Forecasting an Ecosystem's Point of No Return

dinosaur head extinction photo

Image credit: Matt Callow/Flickr

Most conservation, unfortunately, is reactive. Though improved assessment methods make this reaction more timely, plans are crafted after habitats are degraded and species are recieve protected status after their populations have demonstrated critical declines.

New research, however, could help conservationists pinpoint the moment a species will take a turn towards the unrecoverable—knowledge that could change the way preservation plans are designed and implemented.John M. Drake, a professor at the University of Georgia, and Blaine Griffen, a professor at the University of South Carolina, used a commonly cited but little understood principle to demonstrate trends in stressed populations can be predicted.

Called "critical slowing down," the principle describes a decreasing rate of recovery in systems approaching a tipping point. Drake explained:

The theory was originally used to describe drastic changes in other kinds of systems—everything from epileptic seizures to regime shifts in the earth's climate system...but these attributions of CSD primarily have been after-the-fact explanations of anomalous observations without clear controls.

In this latest experiment, populations of water fleas where placed under increasing stress, represented by a lack of food, and compared to a healthy control group. It was the first time CSD was applied to a biological system—let alone extinction.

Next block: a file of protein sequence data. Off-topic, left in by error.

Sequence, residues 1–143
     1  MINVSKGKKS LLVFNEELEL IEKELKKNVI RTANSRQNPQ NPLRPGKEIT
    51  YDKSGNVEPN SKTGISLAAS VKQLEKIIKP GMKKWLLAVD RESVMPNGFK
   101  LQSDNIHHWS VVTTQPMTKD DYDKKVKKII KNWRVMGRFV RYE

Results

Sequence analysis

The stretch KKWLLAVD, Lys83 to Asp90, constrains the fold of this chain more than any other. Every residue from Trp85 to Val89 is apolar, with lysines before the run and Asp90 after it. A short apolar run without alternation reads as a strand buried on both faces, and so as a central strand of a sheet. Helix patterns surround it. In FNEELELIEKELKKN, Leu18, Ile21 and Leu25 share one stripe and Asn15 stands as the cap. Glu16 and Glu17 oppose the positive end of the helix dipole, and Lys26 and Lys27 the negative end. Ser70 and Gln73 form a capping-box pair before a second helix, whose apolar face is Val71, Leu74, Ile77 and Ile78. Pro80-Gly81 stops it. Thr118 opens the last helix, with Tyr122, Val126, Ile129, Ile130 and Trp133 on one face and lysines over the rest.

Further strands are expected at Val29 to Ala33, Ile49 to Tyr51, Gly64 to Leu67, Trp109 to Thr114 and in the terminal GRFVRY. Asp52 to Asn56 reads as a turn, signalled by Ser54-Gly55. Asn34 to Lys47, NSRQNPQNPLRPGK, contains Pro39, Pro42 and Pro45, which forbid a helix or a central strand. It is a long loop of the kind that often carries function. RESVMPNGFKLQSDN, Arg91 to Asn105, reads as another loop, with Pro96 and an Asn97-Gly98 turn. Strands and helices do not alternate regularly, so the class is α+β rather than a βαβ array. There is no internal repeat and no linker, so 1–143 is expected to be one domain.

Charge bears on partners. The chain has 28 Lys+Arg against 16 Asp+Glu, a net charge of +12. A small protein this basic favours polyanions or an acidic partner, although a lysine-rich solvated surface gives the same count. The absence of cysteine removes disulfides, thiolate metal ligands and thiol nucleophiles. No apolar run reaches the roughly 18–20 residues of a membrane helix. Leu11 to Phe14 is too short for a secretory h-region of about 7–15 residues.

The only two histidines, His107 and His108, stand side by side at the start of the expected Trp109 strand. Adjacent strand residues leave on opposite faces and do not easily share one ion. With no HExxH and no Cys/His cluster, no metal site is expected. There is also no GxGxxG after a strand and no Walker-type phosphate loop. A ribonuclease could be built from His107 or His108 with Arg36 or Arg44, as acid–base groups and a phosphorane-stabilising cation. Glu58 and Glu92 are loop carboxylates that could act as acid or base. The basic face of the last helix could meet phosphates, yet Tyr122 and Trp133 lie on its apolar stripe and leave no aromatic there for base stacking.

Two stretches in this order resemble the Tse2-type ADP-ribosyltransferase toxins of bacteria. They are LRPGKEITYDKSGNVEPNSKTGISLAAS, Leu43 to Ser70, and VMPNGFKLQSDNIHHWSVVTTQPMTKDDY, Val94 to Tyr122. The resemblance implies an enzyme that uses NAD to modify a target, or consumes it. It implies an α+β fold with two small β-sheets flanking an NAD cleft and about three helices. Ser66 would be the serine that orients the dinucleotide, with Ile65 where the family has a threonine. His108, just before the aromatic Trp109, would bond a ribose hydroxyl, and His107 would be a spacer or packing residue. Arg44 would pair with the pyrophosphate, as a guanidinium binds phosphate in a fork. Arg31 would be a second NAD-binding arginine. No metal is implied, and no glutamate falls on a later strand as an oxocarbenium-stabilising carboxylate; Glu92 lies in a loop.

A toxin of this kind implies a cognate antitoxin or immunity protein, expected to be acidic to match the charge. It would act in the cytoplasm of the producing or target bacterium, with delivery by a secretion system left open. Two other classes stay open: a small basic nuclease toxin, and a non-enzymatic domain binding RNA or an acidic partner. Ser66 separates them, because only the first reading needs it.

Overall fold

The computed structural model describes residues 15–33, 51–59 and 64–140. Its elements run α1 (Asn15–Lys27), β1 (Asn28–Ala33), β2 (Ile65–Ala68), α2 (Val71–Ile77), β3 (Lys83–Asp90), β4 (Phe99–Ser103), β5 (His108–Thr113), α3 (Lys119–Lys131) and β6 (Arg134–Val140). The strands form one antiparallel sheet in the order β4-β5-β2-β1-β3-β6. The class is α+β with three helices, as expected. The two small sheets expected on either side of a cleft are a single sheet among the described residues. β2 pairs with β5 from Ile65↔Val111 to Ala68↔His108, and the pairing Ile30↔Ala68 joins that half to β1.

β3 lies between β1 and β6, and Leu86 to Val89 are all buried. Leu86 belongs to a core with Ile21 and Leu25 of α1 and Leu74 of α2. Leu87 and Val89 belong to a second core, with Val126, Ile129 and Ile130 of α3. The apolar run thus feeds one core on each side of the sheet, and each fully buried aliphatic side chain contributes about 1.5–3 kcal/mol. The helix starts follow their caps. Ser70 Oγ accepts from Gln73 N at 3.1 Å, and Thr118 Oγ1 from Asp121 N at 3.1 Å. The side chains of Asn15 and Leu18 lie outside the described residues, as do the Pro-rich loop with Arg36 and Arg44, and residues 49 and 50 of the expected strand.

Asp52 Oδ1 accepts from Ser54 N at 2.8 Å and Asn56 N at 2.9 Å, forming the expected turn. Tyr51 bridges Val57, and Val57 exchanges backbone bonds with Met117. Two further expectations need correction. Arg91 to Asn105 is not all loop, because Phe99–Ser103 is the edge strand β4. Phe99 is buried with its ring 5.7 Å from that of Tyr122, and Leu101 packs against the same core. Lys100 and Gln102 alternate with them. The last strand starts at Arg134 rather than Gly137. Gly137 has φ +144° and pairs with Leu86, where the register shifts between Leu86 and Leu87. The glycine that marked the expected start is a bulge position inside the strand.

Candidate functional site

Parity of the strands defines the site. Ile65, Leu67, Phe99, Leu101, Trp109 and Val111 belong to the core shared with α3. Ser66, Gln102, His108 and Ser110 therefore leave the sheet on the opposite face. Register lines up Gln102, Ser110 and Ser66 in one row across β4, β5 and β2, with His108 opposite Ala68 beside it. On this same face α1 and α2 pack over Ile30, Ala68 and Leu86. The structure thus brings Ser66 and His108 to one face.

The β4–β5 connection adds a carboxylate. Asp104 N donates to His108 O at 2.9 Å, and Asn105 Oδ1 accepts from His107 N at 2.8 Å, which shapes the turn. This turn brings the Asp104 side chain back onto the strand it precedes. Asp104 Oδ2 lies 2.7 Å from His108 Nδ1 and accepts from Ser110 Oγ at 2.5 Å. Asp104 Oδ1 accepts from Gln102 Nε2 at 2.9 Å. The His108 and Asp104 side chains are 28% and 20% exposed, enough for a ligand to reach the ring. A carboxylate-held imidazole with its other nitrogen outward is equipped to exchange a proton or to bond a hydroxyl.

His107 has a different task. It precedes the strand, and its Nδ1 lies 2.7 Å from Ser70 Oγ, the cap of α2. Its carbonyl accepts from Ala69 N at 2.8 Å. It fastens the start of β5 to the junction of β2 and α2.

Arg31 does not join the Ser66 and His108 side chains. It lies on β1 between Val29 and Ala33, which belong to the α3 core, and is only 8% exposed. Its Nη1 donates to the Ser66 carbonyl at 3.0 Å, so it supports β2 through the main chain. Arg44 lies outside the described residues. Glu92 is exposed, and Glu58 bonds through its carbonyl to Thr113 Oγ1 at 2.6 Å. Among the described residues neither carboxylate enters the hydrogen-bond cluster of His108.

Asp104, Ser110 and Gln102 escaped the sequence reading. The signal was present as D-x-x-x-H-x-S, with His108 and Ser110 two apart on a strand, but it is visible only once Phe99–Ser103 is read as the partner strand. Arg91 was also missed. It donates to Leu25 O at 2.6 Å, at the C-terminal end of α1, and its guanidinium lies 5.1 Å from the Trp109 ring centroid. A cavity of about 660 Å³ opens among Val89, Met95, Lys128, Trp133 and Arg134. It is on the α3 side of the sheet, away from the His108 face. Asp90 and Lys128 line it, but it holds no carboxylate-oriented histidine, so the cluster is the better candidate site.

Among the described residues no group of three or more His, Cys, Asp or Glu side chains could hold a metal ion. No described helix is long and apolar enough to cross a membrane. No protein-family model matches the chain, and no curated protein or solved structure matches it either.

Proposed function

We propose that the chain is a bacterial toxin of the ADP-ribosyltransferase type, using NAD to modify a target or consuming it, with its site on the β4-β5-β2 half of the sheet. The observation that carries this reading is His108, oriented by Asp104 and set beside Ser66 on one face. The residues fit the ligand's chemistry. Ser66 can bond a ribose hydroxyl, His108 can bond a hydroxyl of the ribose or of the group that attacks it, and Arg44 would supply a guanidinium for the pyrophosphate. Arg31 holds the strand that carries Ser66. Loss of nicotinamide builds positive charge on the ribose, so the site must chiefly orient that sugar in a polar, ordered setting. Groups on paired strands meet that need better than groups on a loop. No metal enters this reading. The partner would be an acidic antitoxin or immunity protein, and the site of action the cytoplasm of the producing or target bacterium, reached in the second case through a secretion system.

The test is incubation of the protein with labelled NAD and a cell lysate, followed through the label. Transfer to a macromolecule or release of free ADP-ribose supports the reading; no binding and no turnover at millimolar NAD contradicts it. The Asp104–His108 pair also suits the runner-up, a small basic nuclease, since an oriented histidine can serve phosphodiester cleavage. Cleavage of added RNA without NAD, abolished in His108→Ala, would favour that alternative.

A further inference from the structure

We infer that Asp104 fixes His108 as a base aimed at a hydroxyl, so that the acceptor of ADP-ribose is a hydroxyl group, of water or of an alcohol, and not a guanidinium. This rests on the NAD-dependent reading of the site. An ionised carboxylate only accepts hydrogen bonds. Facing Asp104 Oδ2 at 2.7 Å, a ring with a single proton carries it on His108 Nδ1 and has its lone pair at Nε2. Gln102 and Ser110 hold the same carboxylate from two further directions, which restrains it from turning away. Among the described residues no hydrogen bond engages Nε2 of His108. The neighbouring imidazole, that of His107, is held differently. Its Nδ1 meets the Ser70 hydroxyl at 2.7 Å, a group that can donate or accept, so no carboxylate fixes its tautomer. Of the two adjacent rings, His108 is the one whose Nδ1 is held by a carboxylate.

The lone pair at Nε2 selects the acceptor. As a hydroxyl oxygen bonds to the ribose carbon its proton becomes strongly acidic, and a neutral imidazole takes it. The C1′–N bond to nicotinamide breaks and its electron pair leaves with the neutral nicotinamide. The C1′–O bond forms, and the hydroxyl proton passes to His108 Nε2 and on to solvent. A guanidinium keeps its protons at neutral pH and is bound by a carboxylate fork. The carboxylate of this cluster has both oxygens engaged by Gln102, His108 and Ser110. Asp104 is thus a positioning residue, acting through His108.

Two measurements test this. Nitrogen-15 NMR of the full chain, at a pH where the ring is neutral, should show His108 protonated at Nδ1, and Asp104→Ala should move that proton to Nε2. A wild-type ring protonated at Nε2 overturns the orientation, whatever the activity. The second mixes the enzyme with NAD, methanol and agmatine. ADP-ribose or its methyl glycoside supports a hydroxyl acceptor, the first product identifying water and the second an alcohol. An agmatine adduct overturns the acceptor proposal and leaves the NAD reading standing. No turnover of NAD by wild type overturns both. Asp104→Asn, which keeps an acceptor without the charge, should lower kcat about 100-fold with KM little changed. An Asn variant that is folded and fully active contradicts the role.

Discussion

By observing changes in a range of indicators in relation to the decreasing availability of food, researchers were able to predict the onset of the tipping point well before it arrived.

The incredible thing about the finding, Drake explained, was its generality. He said:

You don't have to know the underlying equations to use the theory...and this is important in biology, where the dynamics are typically sufficiently complex that we often do not know which equations to use. In fact, we may never come to such a complete understanding, given the range of biodiversity out there and the fact that species are evolving all the time.

Though the findings are still a long way from practical application, they represent, Drake argues, the first step towards a system that could accurately predict approaching tipping points—something that would be a powerful tool for conservation planning.

Read more about conservation:
Wildlife Trapped by Global Biodiversity Surveillance System (Photos)
Life on the Endangered Species Waiting List
The Problem With 'Shoot to Kill' Conservation
6 Conservation Successes That Brought Animals Back from the Brink

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